Tuesday, August 5, 2008

Prostate Cancer Screening

As mentioned in the New York Times, the U.S. Preventive Services Task Force recently updated its prostate cancer screening guidelines, reaffirming that evidence is lacking to recommend for or against it, and took an additional new step stating that physicians should not routinely screen for prostate cancer in men over 75. This is in contrast to recommendations by other organizations such as the American Cancer Society that recommends doctors offer a PSA blood test and DRE (digital rectal exam) yearly, beginning at age 50 to men who can be expected to live at least 10 more years, and for men at high risk (African American, family history of prostate cancer) screening should begin at age 45.

Why the difference and what should you do?
On the one hand, in 2007, prostate cancer was the leading cause of new cancers for men and second only to lung cancer for cancer death in men. Organizations like the American Cancer Society who are determined to get rid of all cancer encourage screening. On the other hand, it is not clear that finding and then treating prostate cancer will save one's live. This is likely due to the fact that many prostate cancers are slow growing, and men will often die of something else before the prostate cancer spreads. In addition, treatment for prostate cancer is not without risks and complications, such as problems with urination and sexual function.

There is not right answer here, and it is important that you discuss all screening with your doctor. One key thing to determine is that screening and finding cancer doesn't necessarily mean more testing and treating. For example, you might have a PSA test done that is greater than normal, and determine that before proceeding to further testing (biopsy) you might watch and wait. For this reason, I still recommend screening, but advise caution when addressing a positive test. Based on your individual risks, values, etc. you and your physician can determine how best to proceed.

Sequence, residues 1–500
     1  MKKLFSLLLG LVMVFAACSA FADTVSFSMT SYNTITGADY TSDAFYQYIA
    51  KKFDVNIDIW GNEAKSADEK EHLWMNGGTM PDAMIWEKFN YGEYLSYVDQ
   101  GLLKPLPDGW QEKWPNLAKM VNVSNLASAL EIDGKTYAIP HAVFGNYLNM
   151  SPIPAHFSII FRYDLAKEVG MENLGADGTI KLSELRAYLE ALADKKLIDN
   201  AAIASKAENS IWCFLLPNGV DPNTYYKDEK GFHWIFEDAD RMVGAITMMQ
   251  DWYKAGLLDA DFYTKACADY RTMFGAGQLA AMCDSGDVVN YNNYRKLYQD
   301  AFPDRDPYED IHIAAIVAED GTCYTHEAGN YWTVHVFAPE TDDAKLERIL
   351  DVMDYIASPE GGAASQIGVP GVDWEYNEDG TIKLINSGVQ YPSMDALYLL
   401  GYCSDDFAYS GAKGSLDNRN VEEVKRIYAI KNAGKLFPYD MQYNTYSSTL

1 comment:

Anonymous said...

This week we heard that screening for prostate cancer may do more harm than good—particularly for older men. I understand that, I suppose. Prostate cancer tends to grow slowly, and the significance of test results is not entirely clear.

I worry that in a twist of logic we will generalize a very specific recommendation. I worry that the message will shift from “Men over 75 should not be screened for prostate cancer” to “No-one should be screened for prostate cancer” to (and this is the scariest part) “I shouldn’t be screened for any cancer.”

Every day in the United States more than 100 people die of colorectal cancer because they weren’t screened when they should have been. Every day.

Colorectal cancer is the second leading cause of cancer death in this country, yet a simple screening will reduce the risk of having this disease by 80% or more.

The debate about prostate cancer screening will go on for a long time. One thing is not debatable though—cancer screening in general, and screening for colon cancer in particular, saves lives.